There are differing views on Polonius, both within the play and from critics:

  • Is he simply a ‘tedious old fool'?
  • Is he a shrewd statesman with considerable power in Denmark?
  • Is he perhaps both?

Initial impressions

We first meet him in Act I scene ii, when he agrees to let Laertes return to Paris:

  • He seems a kind and considerate father, who, in just four lines, conveys to us that he does not wish to lose his son but is willing to grant his request, if the king agrees.
  • Yet we see him as representative of those whose ‘better wisdoms' have raised no opposition to Claudius' ‘o'er-hasty' marriage to Gertrude, and the acceptance of Claudius as king rather than Young Hamlet.

More on the political role of Polonius: Hamlet in Act V scene ii, speaks of Claudius as ‘(popping) in between th'election and my hopes'. The system in Denmark seen in the play is that which pertained in England at the time of the Norman Conquest, and both earlier and later in other European countries:

- The eldest son of the King, while a prime contender, was not automatically heir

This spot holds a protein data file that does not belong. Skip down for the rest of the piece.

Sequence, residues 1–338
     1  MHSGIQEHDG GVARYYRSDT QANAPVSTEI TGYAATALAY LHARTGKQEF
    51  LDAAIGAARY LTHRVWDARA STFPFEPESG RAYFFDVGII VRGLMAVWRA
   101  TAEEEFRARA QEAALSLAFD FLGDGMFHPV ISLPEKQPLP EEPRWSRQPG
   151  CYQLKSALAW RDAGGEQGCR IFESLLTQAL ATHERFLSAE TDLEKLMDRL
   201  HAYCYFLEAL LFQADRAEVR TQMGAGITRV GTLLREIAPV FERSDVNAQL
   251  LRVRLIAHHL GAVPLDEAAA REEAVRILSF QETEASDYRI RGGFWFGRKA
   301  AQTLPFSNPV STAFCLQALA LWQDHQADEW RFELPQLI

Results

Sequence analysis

- Other nobles could be appointed as King, based on the election of the court.

Polonius has clearly supported Claudius as the next monarch instead of Prince Hamlet.
Hamlet himself gives his vote — his ‘voice' — as he dies to Fortinbras.

Shakespeare shows the same system in Macbeth, where, by appointing Malcolm as Prince of Cumberland, Duncan is indicating that he is the heir the King prefers. Before that, Macbeth himself had hopes that, as a national hero, he might be nominated instead.

Parental authority

The next time we meet Polonius, he gives a long speech of advice to Laertes. It is long-winded, but excellent advice. His final comment —

‘This above all, to thine own self be true'

— has become generally received and often-quoted wisdom.

He is a man who expects to be obeyed. He commands Ophelia to keep herself away from Hamlet. Polonius sees Hamlet's courtship of his daughter as a seducer's trap — ‘springes to catch woodcocks'.

More on irony of this image: Ironically, Laertes uses this image about his own situation as he lies dying.

Mean minded?

  • Shakespeare wishes to show us Polonius as a man of narrower and meaner nature. We see:
  • Polonius' suspicious nature
  • His scornful dismissal of the idea of Hamlet's loving Ophelia, especially his use of the image of money and bartering — ‘Think yourself a baby / That you have ta'en these tenders for true pay'
  • His order to Ophelia that she must not believe Hamlet's vows, and must not ‘give words or talk' with him, is abrupt and firm